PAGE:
To Thine Own Music Be True.
The last time I did a blog post on Paul McCartney, it was after the CD release of his orchestral ballet "Ocean's Kingdom," a boring and faceless work that only achieved competence through the efforts of Sir Paul's hired arrangers and orchestrators.
This time, I bring up McCartney's name to suggest that you stop what you're doing to immediately go and obtain a copy of his latest pop CD, "New" (cover image above). Yes, it's that good, far, far better in its genre than "Ocean's Kingdom" is in its genre. OK, Sir Paul's better at pop music than he is at classical music. But good for him for at least trying to step up in class, and to show that there's more to his muse than "silly love songs" (to quote one of his earlier lyrics), right?
Sure, if he has the desire and the means to attempt it. When you're Paul McCartney, you can do as you please, and the world will take notice. No doubt that chafes many talented and devoted classical composers who may go a lifetime without any of their works achieving the notoriety that Sir Paul can buy — indeed, I quoted a composer friend saying just that in the earlier post — but that's show biz.
Yes, classical music, our battered, bruised but cherished art form, still boasts enough prestige to draw non-classical wannabees to attempt it. McCartney is hardly the first one to try his hand at large-scale composition with indifferent success. Elvis Costello, Billy Joel, Mark O'Connor, Béla Fleck — each immensely accomplished in his field, each, to varying degrees, stumbling when entering the classical realm. Even the immortal Duke Ellington was at less than his best on the occasions when he forsook standard short-form jazz composition for large-form orchestral works.
Why is that? It can't be lack of talent, for these are each very talented musicians. It can't be for lack of inspiration, as McCartney's very inspired new CD attests. Technical skill? No doubt that despite what some of these composers (e.g., McCartney and Fleck) have said to the contrary, a well-developed compositional craft is pretty important. But some decidedly untechnical classical composers like Christoph Willibald Gluck, Modest Mussorgsky, Alexander Borodin and Erik Satie wrote some very fine pieces, so technique obviously isn't everything. Maybe the answer is to be found by asking what common element the classical works of these non-classicals and others like them lack.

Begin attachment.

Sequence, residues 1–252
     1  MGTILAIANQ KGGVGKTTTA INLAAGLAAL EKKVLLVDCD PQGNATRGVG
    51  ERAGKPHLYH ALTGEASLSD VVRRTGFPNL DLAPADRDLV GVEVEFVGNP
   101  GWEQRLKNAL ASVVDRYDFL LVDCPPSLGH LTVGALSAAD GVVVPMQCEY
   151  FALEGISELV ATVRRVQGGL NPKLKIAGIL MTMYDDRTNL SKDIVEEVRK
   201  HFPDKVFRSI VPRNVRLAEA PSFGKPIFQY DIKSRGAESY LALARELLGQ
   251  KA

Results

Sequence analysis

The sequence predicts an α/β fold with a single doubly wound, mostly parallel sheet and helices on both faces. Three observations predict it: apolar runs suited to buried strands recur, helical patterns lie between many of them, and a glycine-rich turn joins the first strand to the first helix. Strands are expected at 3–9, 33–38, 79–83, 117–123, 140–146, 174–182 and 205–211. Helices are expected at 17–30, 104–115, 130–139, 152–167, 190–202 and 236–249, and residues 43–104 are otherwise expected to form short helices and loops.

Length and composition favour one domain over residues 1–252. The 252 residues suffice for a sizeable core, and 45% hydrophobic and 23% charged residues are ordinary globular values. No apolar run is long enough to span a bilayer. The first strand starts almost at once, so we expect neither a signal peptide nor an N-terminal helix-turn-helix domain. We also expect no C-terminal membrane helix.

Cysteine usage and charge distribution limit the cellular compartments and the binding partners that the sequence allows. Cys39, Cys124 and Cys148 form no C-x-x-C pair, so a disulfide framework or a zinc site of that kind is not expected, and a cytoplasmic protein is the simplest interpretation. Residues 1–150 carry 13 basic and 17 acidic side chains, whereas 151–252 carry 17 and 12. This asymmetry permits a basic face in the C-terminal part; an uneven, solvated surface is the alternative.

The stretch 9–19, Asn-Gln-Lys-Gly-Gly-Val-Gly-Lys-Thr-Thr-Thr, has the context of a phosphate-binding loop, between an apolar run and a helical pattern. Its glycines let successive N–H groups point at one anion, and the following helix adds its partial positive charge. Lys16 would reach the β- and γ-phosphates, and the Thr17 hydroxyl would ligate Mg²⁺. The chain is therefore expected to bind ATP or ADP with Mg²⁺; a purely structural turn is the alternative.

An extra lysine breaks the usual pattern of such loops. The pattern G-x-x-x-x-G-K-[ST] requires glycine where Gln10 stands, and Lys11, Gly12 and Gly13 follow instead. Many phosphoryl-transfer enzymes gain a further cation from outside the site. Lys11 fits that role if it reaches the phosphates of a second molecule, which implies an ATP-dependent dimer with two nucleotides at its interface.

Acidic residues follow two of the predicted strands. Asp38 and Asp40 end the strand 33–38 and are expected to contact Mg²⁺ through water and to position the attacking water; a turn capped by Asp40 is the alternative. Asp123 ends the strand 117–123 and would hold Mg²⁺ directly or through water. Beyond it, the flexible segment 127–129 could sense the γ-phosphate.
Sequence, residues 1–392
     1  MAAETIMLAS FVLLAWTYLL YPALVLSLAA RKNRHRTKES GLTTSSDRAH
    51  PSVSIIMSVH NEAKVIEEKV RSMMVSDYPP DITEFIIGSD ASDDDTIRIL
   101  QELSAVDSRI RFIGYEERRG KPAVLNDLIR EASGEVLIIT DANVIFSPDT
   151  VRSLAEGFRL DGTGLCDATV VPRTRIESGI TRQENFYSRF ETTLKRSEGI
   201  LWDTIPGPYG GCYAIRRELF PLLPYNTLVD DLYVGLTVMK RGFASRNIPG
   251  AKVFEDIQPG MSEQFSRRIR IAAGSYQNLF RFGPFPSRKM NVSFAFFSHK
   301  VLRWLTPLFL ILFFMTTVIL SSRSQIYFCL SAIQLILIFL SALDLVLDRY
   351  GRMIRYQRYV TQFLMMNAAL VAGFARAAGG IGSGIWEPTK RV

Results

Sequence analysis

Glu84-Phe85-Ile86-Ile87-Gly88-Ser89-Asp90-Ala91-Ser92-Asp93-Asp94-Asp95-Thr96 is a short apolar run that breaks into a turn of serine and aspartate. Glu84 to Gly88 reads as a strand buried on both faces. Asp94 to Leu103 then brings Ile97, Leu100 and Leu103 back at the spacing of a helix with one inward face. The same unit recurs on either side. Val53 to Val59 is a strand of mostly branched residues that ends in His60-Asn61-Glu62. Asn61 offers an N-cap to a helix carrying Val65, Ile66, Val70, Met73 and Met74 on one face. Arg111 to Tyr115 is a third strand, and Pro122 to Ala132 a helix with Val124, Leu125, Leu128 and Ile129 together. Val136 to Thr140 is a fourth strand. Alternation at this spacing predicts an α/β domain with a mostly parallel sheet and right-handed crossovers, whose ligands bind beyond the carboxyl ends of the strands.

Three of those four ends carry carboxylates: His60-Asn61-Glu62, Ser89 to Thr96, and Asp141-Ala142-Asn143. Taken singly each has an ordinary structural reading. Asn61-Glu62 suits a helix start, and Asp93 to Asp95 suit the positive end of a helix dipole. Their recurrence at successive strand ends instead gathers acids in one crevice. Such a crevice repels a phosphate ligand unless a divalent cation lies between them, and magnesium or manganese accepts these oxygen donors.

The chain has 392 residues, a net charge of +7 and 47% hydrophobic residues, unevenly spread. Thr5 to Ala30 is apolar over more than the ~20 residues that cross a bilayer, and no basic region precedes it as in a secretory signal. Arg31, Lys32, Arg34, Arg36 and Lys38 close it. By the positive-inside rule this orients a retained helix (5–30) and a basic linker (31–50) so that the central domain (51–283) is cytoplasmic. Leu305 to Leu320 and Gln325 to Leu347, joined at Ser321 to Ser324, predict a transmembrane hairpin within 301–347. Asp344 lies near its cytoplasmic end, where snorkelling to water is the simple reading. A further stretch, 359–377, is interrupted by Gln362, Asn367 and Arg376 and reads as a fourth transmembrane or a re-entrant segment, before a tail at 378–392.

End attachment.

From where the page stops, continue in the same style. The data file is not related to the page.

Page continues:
And for me, that crucial missing element is personality, sometimes also called the composer's "voice." I mean, I could listen to the entirety of McCartney's "Ocean's Kingdom" and not have the slightest idea who wrote it if I hadn't known before. On the other hand, I could have been handed a version of Sir Paul's "New" that came without the vocal track, and known before too long whose songs these were. I bet you could have too. Same goes for each of the above composers, again to varying degrees. Maybe they're not all totally "voiceless" in their classical works, but their personality is diffuse and diluted compared to their best things in their respective original genres. Could it be that that's the hardest thing for a classical composer to develop, whether a newbie or a trained professional — a unique voice?
(Astor Piazzolla and Nadia Boulanger, 1954)
From what I've heard (composers and compostition teachers can chime in here), that unique voice is what good teachers listen for and try to bring out in their pupils. One of the best examples of this involves the great Argentine composer and bandoneon player Astor Piazzolla, whose works you hear frequently on NEPR. A prodigy as a tango musician, Piazzolla put the tango aside in his early thirties to concentrate on classical composition, one of his works winning a competition in 1951. We pick up the story from the Piazzolla.org website:
One of the prizes he won at this composition contest was a scholarship from the French governement to study in Paris (where he goes in 1954), with Nadia Boulanger, considered the best educator in the world of music at the time. At first, Piazzolla tries to hide his tanguero past and his bandoneon work, thinking that his destiny is in classical music. This situation is quickly remedied when he opens his heart to Boulanger and he plays his tango “Triunfal” for her. From then on he receives a historic recommendation: “Astor, your classical pieces are well written, but the true Piazzolla is here, never leave it behind”
It doesn't take a Nadia Boulanger to hear this, either. So, Mr. or Ms. Non-Classical Musician, you want to write a classical piece? Good for you. But remember, it don't mean a thing if it ain't got that voice!
P.S. Here's an exception to the above. Feel free to add more.